It can be stressful when a beloved relative requires skilled nursing. One primary concern can be how the family will afford ongoing care in the nursing home or care facility. Under the right circumstances, Medicare can financially cover a part of the nursing home stay for a limited amount of time. After that, Medicaid can help fund skilled nursing; however, there are very specific rules regarding:
- assets the patient in the nursing home can own without affecting Medicaid eligibility
- assets the patient’s spouse can own without affecting eligibility
- the income of the patient that the spouse may be entitled to
- techniques available to achieve eligibility for a patient who is ineligible asset-wise or income-wise.
The following questions (and their corresponding answers) can help you start navigating the complexities of Medicaid planning:
What is Medicaid Planning and Why Does it Matter?
Medicaid planning involves helping a potential Medicaid applicant in advance of and in preparation for their application. The preparation involves collecting necessary documents, potentially restructuring financial assets, and preparing the details required for the application.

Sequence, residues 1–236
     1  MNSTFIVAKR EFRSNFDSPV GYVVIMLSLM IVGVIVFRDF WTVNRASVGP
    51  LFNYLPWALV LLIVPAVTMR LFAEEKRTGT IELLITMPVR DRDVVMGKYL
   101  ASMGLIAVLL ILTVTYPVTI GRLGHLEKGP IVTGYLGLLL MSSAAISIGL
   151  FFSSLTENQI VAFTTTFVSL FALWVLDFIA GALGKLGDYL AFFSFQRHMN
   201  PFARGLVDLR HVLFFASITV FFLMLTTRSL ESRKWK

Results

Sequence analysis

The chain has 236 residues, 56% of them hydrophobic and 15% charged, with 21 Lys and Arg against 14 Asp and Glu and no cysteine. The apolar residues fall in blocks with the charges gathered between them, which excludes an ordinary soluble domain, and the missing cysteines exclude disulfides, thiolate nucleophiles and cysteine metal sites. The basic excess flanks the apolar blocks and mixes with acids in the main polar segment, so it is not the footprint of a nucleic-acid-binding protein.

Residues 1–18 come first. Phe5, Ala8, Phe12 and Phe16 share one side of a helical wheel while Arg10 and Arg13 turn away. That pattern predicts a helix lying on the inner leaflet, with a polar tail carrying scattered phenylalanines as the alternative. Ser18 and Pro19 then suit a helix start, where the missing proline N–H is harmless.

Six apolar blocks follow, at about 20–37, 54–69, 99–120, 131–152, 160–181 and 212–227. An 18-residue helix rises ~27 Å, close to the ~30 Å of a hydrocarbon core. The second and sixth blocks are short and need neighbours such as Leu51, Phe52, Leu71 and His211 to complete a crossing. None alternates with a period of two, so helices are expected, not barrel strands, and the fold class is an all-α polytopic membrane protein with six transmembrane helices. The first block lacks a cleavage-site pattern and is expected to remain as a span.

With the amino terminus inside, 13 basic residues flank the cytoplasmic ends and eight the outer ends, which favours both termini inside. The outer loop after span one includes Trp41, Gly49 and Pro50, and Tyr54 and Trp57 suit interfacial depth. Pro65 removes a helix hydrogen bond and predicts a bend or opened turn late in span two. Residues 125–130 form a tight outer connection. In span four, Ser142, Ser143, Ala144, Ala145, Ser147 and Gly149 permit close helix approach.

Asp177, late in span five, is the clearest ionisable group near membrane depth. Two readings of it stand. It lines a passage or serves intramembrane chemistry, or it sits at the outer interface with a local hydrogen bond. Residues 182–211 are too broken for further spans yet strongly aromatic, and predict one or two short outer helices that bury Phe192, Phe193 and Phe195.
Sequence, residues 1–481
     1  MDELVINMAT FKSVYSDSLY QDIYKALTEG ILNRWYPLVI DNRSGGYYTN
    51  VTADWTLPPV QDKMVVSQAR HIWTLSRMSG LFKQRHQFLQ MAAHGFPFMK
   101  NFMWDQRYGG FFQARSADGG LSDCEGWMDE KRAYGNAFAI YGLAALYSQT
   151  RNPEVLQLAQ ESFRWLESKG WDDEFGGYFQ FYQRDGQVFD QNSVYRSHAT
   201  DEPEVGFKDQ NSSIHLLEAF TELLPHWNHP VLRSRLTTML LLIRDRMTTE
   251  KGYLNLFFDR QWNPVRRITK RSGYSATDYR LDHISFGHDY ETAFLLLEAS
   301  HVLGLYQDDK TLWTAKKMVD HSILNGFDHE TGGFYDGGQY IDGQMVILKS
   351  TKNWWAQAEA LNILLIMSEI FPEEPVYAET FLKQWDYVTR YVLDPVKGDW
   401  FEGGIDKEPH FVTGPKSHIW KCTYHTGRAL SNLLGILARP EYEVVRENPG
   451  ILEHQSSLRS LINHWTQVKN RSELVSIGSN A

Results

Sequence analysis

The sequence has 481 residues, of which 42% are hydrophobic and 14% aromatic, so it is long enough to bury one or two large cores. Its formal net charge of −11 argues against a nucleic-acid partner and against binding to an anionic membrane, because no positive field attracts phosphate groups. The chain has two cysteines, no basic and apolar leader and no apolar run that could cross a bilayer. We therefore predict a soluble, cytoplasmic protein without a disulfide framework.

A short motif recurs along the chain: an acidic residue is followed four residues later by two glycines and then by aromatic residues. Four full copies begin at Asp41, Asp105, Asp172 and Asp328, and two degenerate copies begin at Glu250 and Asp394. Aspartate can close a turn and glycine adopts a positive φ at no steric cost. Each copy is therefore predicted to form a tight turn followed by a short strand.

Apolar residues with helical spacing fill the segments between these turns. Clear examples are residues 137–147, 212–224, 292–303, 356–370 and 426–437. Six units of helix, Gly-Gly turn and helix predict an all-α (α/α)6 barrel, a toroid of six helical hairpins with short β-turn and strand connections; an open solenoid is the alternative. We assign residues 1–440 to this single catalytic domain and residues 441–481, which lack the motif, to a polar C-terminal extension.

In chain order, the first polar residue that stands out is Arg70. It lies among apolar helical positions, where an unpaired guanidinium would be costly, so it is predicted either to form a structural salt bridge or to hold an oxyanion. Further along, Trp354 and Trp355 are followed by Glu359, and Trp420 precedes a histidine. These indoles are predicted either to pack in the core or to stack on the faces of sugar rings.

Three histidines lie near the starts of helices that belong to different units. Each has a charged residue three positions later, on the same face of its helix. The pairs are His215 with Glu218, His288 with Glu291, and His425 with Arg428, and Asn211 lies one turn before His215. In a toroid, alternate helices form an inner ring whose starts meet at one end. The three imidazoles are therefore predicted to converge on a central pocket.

This preparation is crucial. Because Medicaid eligibility is complicated, the way the planning is done can make or break whether an individual’s application is accepted or not.
What documents do I need to apply for Medicaid?
There are a variety of documents needed to apply for Medicaid, including one proof of age document, one proof of citizenship documents, an identity document, and a marital status document. Other applicable documents for submission may include financial resources, social security cards, insurance cards, income information. If the individual’s spouse is living outside of the nursing home, there will be other documentation required.
Do I need a lawyer to apply for Medicaid?
It isn’t legally required. However, it can be very beneficial to get the help of an elder law attorney. This is because Medicaid officials subject these applications to enhanced scrutiny. Sometimes the officials require up to five years of financial records and documentation. Any unexplained expenses may be considered a disqualifying transfer of assets. Many planning steps, including trusts and family care agreements, are viewed as suspicious without the proper amount of evidence. It can be beneficial to have a lawyer to help you prepare the countless documentation and to help you answer the questions that come from Medicaid officials.
How does James Johnson help with Medicaid planning?
Our firm can help the patient and their family come up with a plan to become eligible for Medicaid and prepare and file the application required to obtain Medicaid coverage for the patient’s ongoing skilled nursing.